How Farming Technology Is Becoming More Widely Available to Farmers across the Globe
Watching a seedling break through the ground holds special weight in the world’s poorest nations. Drones, automatic irrigation systems and internet connections are changing the nature of farming in Africa and the Middle East, giving farmers unprecedented opportunities to grow crops and get them on the market. Here’s how technology is becoming accessible and what it means for producers.
More people are connected to the internet than ever before. Africa still has the lowest percentage of users globally, with just 22% of the continent enjoying access. However, it has great potential for progress, especially as satellites expand the reach of internet service.
Nigeria, Mozambique, Sierra Leone, Mauritius and Rwanda have access to Starlink, with more countries scheduled to join in the coming years. The internet is a tool that gives farmers a way to order equipment they normally couldn’t access. Additionally, online tutorials and books can teach them how to repair or modify tractors, seed drills and combine harvesters.
Technology is no longer the exclusive realm of the rich. The iPhone cost $599 when it debuted in 2007. Today, a used iPhone 4 is less than $20 on eBay and a refurbished Chromebook laptop is under $100.
The price of internet and phone service has also markedly decreased in the past few years. The longer technology is on the market, the less it tends to cost, giving low-income farmers the opportunity to adopt it. Used equipment can also improve profits since they won’t pay as much up front. Countless companies make knockoff versions of new farming technology like drones, Internet of Things (IoT) sensors and other vital equipment.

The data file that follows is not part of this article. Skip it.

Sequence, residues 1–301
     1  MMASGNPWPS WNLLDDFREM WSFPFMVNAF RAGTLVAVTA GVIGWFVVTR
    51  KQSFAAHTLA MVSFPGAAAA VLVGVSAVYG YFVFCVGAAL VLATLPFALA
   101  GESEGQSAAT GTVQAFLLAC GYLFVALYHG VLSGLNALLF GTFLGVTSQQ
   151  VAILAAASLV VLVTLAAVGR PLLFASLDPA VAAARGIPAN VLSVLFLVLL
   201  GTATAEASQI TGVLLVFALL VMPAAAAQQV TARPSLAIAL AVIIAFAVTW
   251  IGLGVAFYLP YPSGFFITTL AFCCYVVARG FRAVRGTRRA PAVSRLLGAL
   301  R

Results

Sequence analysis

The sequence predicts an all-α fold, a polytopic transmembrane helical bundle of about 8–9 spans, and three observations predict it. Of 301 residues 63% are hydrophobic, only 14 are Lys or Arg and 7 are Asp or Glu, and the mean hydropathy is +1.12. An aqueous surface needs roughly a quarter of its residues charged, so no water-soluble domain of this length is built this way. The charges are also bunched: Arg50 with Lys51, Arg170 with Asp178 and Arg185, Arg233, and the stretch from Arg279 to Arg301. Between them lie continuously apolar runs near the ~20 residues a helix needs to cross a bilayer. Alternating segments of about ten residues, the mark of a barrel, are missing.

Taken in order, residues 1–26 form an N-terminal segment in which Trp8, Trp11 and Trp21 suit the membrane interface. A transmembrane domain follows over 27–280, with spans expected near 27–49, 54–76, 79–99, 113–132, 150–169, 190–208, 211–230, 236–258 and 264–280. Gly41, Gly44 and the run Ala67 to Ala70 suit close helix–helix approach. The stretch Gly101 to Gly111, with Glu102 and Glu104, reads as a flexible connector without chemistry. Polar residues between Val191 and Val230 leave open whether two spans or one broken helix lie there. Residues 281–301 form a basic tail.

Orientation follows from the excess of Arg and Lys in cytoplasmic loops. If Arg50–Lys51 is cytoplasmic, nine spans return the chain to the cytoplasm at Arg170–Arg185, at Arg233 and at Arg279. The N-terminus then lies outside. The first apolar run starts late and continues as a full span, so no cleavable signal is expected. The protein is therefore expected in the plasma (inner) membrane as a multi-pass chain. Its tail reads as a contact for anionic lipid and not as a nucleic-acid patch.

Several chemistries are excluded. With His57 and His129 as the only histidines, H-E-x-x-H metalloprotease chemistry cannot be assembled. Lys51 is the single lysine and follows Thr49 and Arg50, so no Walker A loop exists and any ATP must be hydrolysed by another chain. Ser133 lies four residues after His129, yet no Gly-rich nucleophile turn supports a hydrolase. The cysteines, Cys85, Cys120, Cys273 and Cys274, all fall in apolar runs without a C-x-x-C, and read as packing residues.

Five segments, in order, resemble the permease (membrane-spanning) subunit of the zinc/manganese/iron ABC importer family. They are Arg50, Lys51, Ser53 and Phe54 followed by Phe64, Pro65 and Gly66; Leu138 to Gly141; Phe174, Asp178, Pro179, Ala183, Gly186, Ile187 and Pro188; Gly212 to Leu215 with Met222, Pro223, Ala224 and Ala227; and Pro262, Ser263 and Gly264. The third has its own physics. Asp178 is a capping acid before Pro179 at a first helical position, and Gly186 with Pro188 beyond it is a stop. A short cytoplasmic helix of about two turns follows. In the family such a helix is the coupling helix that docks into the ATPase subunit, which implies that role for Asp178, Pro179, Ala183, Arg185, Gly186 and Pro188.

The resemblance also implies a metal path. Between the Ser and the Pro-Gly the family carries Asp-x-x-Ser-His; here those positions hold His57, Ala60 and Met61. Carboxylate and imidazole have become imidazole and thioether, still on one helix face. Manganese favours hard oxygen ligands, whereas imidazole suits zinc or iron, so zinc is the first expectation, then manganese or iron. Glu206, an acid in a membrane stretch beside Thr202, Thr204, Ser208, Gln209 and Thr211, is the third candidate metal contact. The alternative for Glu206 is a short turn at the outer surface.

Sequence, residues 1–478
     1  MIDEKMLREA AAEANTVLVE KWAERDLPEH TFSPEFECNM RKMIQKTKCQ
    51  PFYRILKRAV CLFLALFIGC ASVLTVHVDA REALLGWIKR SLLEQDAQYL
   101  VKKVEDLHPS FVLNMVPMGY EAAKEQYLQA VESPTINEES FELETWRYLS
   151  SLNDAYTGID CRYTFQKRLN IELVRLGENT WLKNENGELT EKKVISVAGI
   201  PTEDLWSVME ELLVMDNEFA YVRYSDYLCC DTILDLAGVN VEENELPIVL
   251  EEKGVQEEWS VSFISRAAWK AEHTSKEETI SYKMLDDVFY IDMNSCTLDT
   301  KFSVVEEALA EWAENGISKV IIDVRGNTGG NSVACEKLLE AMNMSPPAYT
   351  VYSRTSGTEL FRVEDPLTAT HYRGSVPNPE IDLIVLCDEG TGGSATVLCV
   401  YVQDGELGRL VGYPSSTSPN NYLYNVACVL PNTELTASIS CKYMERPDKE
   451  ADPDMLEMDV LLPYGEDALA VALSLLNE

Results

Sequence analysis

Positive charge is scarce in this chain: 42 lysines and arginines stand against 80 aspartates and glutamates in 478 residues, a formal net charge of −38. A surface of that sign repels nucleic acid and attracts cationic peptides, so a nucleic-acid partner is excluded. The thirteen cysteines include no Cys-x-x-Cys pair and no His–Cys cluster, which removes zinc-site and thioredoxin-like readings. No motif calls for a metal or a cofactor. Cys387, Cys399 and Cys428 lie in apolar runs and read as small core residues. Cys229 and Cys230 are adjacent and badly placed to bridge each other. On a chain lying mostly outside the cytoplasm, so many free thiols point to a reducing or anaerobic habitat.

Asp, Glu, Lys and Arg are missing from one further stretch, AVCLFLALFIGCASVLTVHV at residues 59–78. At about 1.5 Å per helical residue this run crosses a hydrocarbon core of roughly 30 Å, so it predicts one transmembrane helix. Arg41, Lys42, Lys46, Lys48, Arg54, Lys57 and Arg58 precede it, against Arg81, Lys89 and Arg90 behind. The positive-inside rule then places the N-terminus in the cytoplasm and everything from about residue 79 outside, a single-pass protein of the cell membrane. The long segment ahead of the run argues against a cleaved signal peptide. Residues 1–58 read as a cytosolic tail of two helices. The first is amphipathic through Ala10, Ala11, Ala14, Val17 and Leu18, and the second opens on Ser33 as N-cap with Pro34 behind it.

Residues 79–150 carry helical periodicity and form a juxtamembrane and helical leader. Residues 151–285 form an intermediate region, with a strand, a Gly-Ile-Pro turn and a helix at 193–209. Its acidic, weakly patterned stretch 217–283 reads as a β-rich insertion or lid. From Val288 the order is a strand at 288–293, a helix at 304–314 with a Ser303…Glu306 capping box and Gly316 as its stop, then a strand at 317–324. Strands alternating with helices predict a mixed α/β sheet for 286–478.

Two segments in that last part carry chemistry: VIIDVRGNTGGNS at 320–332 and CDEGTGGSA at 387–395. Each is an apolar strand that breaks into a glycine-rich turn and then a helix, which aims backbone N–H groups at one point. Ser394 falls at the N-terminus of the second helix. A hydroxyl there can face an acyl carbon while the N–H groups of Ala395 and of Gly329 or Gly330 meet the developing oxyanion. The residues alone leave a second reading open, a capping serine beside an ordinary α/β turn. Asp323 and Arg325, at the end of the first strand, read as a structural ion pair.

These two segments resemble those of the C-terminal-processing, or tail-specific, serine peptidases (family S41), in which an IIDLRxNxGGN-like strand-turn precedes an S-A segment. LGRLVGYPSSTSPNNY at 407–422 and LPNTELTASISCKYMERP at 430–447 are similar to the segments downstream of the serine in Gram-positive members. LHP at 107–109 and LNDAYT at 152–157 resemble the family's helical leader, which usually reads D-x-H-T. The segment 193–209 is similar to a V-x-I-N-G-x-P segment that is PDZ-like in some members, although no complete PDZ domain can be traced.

Startups and co-ops
Many digital startups have cropped up across Africa and the Middle East. For example, the Ghana-based company Esoko offers farm management support and helps farmers analyze their records using its data collection tool. It also provides links to online markets, advisory services and secure payments. Farmers can access the app on a smartphone or the Esoko website.
In Saudi Arabia, the agri-tech company Red Sea Farms helps producers grow crops with salt water. The startup addresses the country’s dry climate by giving farmers the technology to harvest their own produce sustainably. Agriculture accounts for over 10% of greenhouse gas emissions, and startups supporting sustainability provide a much-needed service that benefits the world.
Agricultural co-ops also give farmers a way to access new technologies. They can pool their resources to buy new equipment, perform repairs and share knowledge.
How the spread of technology impacts farmers
New technology that reaches previously unconnected farms greatly impacts the people living there.
For example, the internet has allowed farmers in Rwanda to use Menyesha, a pilot project that determines users’ creditworthiness. The program aims to reduce risks for smallholder farmers by making securing loans to purchase new technology easier.
Digital technology gives agriculture greater appeal to younger generations. Africa’s agricultural workforce is rapidly aging, but incorporating technology into the field is helping attract younger workers, creating jobs and revitalizing the industry.
Online platforms have opened up new ways of doing business. The Nigerian ag-tech company Hello Tractor operates a lot like Uber, allowing farmers to easily share equipment on demand. In Kenya, the mobile e-commerce platform Twiga delivers produce to the mass market, helping farmers reach more customers.
New technology has also allowed farmers to better manage their crops. Drones can monitor plant health, selectively spray pesticides on weeds and even kill flying pests with their blades. IoT-connected sensors control greenhouse temperatures and humidity so farmers can grow vegetables hydroponically.
The spread of ag-tech even helps with conservation. Electric fences keep elephants out of crops and improve the relationship between farmers and pachyderms. No-till planting machines, like seed drills, let people plant crops without causing soil erosion.
Growing a food-secure future
The uses of technology in agriculture seem unlimited. Food producers in Africa and the Middle East benefit strongly from ag-tech startups, internet connectivity and new tools that make it easier to grow crops. Farmers’ power will expand as technology does. The future of agriculture may be complicated by climate change and a growing population, but farmers will have the tools to handle it.